Among the forces that drive innovations in technology, two are closely connected by their competition for the hearts and wallets of the consumer. Red Queens are seen where two technologies that compete with each other leave everything else behind (Laureate Education (Producer), 2014g). Thornburg gives the example of PC and Apple, the two main competitors for the personal computer market. I might also point out the iPhone and the Android cell phone operating systems, both of which are continually improved and enhanced to meet the newest demands of their consumer bases.
Increasing Returns refers to the rather illogical tendency of one technology to win over its closest competitor to the point that the competitor fades away entirely. Chaos theory, the mathematical study that defines the unpredictability of predictions, works at its finest in this situation. Often it is not the superior technology that wins, but rather something almost as good but for some reason more appealing to the potential customer. Thornburg (Laureate Education (Producer), 2014e) uses the example of VHS video tapes and Betamax. As illustrated here, Betamax produced the better picture, but because of its lack of variety in pre-recorded material, it never became the public favorite it could have been.
This brings me to today’s discussion of how we view video now. In the early days of the pre-recorded video movie, we bought a few, but we rented dozens. Video stores were cropping up everywhere, and we could rent everything that had been popular over the past year for a fairly small fee, certainly less than the price of going to the movies. Some video stores were so eager for folks to rent movies that they also rented portable players. Back in 1984 my favorite store not only rented the movies and the players, it also delivered, just like pizza.
As with all good ideas, the local video stores were soon competing with national chains, such as Hollywood Video and Blockbuster. We had memberships, and the stores offered specials so we would rent more. In the meantime, movie formats underwent a change yet again. The DVD allowed video rentals on a much smaller footprint, and with improved clarity, additional features, and no need to rewind. The video stores changed gradually, and most phased out their VHS offerings over time. Then in 1997 – Netflix arrived.
Netflix combined the technology of the DVD with the technology of online rental, and a mailing turnaround time that made movie watching, if not instant, certainly more convenient than driving to the video store, hoping one’s favorite was in stock, and then driving back to return it. An urban myth says that one of the co-founders of Netflix came up with the idea after a huge late fee for a Blockbuster rental; it isn’t true, but it certainly represents the feeling of the time, that there had to be a better way to rent movies (CNN, 2014). In 2007 the company moved into a new realm, offering streaming of video over one’s own broadband service, so we can now watch movies on our computers, or display them from various video game consoles and internet-connected “smart TVs.” Blockbuster has struggled to keep up, with a mailing service and online streaming, but Netflix remains ubiquitous.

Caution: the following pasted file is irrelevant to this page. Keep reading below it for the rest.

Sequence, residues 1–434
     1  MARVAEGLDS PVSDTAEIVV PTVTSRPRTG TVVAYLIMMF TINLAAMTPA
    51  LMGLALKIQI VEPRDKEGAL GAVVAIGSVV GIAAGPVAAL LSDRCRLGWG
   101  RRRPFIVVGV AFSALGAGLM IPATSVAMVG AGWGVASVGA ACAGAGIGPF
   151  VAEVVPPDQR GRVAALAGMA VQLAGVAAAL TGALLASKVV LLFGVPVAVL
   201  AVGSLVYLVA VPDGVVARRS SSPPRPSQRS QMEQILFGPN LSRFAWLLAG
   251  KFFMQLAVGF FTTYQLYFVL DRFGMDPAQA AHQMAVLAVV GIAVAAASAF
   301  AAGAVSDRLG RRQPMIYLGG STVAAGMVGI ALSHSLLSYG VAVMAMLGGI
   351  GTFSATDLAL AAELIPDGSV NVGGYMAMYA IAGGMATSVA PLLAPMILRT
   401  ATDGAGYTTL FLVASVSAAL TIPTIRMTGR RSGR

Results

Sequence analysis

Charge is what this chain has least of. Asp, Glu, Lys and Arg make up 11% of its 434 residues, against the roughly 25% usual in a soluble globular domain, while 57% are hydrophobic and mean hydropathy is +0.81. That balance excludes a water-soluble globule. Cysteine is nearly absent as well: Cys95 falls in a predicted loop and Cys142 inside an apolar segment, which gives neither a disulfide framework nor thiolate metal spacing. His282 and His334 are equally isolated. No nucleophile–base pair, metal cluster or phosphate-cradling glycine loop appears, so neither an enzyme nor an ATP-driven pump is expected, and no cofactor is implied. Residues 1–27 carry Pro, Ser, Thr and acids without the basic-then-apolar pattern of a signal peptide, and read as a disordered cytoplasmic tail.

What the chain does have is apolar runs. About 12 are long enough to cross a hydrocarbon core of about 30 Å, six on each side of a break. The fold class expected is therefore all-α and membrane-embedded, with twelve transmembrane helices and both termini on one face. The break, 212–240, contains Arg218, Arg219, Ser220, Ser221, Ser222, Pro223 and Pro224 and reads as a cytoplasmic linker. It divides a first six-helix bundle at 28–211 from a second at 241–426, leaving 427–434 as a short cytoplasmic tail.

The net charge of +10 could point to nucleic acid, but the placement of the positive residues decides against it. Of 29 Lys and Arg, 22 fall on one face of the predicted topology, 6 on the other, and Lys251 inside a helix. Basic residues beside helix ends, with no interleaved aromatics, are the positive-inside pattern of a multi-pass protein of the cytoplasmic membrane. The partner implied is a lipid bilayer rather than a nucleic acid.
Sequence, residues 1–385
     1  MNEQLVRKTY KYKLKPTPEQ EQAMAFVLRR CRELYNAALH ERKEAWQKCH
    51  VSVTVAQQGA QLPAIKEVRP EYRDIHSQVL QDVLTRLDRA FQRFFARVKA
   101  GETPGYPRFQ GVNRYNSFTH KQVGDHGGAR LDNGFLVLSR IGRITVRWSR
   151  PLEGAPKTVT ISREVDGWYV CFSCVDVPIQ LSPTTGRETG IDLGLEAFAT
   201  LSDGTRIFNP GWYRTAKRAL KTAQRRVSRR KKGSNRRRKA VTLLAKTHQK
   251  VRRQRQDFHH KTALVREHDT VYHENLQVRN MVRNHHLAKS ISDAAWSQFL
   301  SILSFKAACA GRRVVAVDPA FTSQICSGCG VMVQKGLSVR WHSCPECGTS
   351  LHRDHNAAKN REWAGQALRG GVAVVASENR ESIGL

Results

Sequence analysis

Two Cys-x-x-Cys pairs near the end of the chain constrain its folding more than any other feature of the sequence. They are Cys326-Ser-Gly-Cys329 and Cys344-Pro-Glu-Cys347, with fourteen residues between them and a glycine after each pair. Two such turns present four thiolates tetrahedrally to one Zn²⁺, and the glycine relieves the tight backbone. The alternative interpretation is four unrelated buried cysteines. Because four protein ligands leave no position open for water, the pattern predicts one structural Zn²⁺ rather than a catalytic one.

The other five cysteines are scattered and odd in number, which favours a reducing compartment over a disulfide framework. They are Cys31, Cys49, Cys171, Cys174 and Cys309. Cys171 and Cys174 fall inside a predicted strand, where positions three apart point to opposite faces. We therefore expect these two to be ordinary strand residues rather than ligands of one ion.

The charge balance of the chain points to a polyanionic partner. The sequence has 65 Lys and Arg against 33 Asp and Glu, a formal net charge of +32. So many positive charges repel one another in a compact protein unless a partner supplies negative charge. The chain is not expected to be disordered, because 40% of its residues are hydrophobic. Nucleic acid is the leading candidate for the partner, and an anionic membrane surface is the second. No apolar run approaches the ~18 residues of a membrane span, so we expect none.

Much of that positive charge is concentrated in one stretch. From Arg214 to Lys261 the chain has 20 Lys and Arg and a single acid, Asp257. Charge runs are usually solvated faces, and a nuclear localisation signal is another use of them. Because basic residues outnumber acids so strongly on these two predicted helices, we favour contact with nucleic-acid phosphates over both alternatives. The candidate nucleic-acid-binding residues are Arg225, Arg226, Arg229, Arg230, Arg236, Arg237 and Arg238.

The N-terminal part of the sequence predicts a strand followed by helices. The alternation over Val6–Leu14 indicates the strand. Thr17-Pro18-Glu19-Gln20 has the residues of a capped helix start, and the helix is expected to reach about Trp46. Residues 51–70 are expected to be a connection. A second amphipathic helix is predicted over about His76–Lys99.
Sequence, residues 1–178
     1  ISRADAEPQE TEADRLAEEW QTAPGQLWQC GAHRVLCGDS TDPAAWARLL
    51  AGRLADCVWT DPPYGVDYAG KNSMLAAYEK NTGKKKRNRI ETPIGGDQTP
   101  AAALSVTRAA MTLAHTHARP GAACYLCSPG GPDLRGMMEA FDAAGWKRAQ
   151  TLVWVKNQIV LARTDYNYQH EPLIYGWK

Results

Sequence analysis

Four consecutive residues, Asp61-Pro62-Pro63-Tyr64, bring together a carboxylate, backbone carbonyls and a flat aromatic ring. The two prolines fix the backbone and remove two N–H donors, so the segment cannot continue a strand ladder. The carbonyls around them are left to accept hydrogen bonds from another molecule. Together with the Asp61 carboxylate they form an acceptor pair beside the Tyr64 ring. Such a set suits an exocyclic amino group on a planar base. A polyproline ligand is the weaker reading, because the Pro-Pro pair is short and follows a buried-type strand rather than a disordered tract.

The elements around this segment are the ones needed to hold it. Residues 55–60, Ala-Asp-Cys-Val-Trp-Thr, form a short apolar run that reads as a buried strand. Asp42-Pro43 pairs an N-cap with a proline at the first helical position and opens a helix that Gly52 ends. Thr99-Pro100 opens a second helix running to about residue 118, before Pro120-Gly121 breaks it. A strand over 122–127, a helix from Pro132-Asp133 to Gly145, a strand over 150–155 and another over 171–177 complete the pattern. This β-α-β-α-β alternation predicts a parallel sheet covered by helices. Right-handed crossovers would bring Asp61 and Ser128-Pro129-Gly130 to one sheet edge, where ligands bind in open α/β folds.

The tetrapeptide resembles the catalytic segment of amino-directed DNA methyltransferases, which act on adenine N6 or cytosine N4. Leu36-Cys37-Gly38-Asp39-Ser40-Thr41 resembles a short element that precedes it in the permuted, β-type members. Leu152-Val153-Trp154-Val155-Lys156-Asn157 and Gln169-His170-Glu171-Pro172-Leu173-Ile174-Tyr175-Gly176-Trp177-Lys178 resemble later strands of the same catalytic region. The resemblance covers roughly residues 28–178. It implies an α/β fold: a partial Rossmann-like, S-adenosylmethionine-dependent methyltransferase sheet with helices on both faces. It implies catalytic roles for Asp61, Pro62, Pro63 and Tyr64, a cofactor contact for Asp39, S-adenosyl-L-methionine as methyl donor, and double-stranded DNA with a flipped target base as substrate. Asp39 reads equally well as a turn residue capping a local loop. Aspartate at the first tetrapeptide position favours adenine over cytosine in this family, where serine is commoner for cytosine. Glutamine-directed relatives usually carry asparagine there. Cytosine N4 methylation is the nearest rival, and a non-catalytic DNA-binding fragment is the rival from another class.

And for those of us who don’t have sufficient broadband for streaming, there is still a rental venue, and it has the advantage of allowing internet reservations. RedBox kiosks are found everywhere now, from grocery store lobbies to McDonald’s, and offer an automated, if limited, DVD rental service for a dollar a night.
In McLuhan’s four Laws of Media (Thornburg, 2013c), DVDs have their place both in replacing older technologies, and in giving way to newer ones. As the following tetrad illustrates, the DVD made movie watching better for home viewers, and was a smaller and more durable format for saving movies for the long term. DVDs have not yet disappeared; in fact, they are now generally sold as sets, with one normal DVD and one BluRay, the later technology which offers a clearer, brighter picture.